The Indemnification Agreements provide that the Company will indemnify the Company's officers and directors, to the fullest extent permitted by law, relating to, resulting from or arising out of any threatened, pending or completed action, suit or proceeding, or any inquiry or investigation by reason of the fact that such officer or director (i) is or was a director, officer, employee or agent of the Company or (ii) is or was serving at the request of the Company as a director, officer, employee or agent of another corporation, partnership, joint venture, trust or other enterprise if he acted in good faith and in a manner he reasonably believed to be in or not opposed to the best interests of the Company, and, with respect to any criminal action or proceeding, had no reasonable cause to believe his or her conduct was unlawful. In addition, the Indemnification Agreements provide that the Company will make an advance payment of expenses to any officer or director who has entered into an Indemnification Agreement, in order to cover a claim relating to any fact or occurrence arising from or relating to events or occurrences specified in this paragraph, subject to receipt of an undertaking by or on behalf of such officer or director to repay such amount if it shall ultimately be determined that he is not entitled to be indemnified by the Company as authorized under the Indemnification Agreement.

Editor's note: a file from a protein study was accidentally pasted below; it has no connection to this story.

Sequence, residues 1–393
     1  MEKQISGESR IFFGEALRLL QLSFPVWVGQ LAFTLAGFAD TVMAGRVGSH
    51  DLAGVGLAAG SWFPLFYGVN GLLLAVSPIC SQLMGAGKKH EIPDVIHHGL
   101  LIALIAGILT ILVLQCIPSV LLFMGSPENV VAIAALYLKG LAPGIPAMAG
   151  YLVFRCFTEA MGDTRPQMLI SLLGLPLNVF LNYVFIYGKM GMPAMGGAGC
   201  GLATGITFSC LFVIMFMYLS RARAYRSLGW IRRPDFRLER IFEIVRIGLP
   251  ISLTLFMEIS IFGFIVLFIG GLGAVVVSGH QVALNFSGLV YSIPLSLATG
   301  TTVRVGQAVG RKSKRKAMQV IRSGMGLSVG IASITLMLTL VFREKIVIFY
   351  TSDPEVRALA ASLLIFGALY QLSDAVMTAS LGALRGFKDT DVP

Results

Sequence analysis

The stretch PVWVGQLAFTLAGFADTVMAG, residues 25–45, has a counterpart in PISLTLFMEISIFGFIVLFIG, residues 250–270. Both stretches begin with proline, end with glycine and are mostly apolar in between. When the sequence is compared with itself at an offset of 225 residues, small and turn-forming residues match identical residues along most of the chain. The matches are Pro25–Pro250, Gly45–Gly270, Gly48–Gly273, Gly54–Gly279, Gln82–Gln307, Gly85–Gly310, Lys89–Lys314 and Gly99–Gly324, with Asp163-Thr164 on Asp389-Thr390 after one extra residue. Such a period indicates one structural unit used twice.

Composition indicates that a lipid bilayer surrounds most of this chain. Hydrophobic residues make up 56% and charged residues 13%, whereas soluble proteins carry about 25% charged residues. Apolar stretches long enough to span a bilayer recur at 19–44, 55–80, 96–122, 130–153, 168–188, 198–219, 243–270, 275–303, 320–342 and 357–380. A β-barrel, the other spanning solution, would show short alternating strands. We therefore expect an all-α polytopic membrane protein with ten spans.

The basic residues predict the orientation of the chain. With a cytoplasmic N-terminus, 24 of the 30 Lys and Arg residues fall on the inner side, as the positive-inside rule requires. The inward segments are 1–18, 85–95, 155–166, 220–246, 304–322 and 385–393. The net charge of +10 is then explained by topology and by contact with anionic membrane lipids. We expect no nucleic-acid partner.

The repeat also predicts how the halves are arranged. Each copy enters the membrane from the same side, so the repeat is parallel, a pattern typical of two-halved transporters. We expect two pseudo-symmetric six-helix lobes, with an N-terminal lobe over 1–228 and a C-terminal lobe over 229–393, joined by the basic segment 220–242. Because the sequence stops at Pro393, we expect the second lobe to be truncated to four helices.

Sales Taxes

 

Unless provided with a resale or tax exemption certificate, the Company assesses and collects sales tax on sales transactions and records the amount as a liability. It is recognized as a liability until remitted to the applicable state. Total revenues do not include sales tax as the Company is considered a pass through conduit for collecting and remitting sales taxes.

 

The following table sets forth the change in the sales tax accrual during the years ended December 31:

 

    2018     2017  
Balance, beginning of year   $ 83,282     $ 274,869  
Sales tax collected     101,144       297,673  
Provisions (reversals)     30,465       (33,000 )